Why Are New Zealands’s New Anti-Smoking Proposals Controversial?

Researchers first identified cigarettes as a health hazard in the 1940s and by the 1950s studies of epidemiology, cellular pathology and chemistry confirmed that cigarettes could cause lung problems, heart disease and even cancer. Over the years different countries have tried different strategies to reduce smoking among the population. Worldwide, 45% of the world’s population was estimated to have been smoking in 1954 while today that figure stands at 19%.

In New Zealand the amount of tobacco smoked per person decreased by 39% between 2008 and 2018. Fewer people are smoking in New Zealand but health officials note that the number of NZ smokers is still unacceptably high among Maori and Pacific peoples.

Kiwi online casinos support local health officials who are proposing that the country embark on a new protocol to limit cigarettes to young people and keep those limits in place as the younger generation ages. According to the proposal submitted by Health Minister Dr. Ayesha Verall, from 2023 and onward, anyone under the age of 15 in 2023 would be barred from buying cagarettes for life.

Current smokers can continue to buy cigarettes. But the smoking age will be raised gradually, year by year, until it covers the entire population. In effect, says Verall, “we want to make sure that young people never start smoking.”

Mixed Reactions

Health experts, doctors and other anti-smoking forces welcome the reforms which will also restrict nicotine levels in cigarettes. Prof Janet Hook from the University of Otago says “It will help people quit or switch to less harmful products, and make it much less likely that young people get addicted to nicotine.”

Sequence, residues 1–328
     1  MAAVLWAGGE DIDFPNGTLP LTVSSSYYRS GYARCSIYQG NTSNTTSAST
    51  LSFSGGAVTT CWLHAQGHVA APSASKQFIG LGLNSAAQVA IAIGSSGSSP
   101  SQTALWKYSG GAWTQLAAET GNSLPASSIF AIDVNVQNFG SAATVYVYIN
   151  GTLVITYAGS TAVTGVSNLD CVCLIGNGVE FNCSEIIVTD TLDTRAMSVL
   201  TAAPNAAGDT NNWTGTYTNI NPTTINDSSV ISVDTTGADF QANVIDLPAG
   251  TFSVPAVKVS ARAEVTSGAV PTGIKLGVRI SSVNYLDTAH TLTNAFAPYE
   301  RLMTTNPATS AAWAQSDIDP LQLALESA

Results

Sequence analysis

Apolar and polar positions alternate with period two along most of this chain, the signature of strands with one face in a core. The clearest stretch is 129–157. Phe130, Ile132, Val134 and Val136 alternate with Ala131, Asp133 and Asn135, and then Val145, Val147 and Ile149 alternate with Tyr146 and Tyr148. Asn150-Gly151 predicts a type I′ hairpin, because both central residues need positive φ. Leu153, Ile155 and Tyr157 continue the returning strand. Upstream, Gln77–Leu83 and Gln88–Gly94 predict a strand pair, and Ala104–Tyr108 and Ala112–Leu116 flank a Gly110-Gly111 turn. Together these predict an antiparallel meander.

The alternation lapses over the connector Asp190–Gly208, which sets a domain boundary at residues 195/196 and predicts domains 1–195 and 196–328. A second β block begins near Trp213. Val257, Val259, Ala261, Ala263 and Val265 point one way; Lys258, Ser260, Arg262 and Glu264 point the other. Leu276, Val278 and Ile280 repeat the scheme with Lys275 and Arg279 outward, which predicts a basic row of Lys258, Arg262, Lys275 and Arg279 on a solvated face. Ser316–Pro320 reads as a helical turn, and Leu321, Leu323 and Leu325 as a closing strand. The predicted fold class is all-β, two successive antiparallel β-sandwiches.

Not everyone is enthused. Some worry that the move may create a black market for cigarettes and other tobacco products. Sunny Kaushal, chairman of the Dairy and BusinessOwners Group, a lobby group for local convenience stores, spoke to New Zealand Stuff saying, “This is all 100% theory and 0% substance. There’s going to be a crime wave. Gangs and criminals will fill the gap”.

National Goal

The stated goal of the new restrictions is to put in place a mechanism that will reduce the national smoking rate to 5% by 2025. In the best-case scenario it will be entirely eliminated.

According to Dr. Verall, smoking is the leading cause of preventable death in New Zealand.

In addition to the plan to restrict access to purchases, the government plans to introduce additional controls including restricting where cigarettes can be sold so that they aren’t readily available at supermarkets and corner kiosks. Currently, approximately 8000 vendors sell cigarettes – that is to be reduced to 500 or less.

Observers believe that the policy could really represent the “endgame” in the fight against tobacco. Geoffrey Fong, researcher on tobacco policy at Ontario Canada’s University of Waterloo said “ “New Zealand’s package in the endgame is an extraordinary and far-reaching set of measures that have always been talked about but never implemented. That’s very exciting and potentially very powerful for the world.”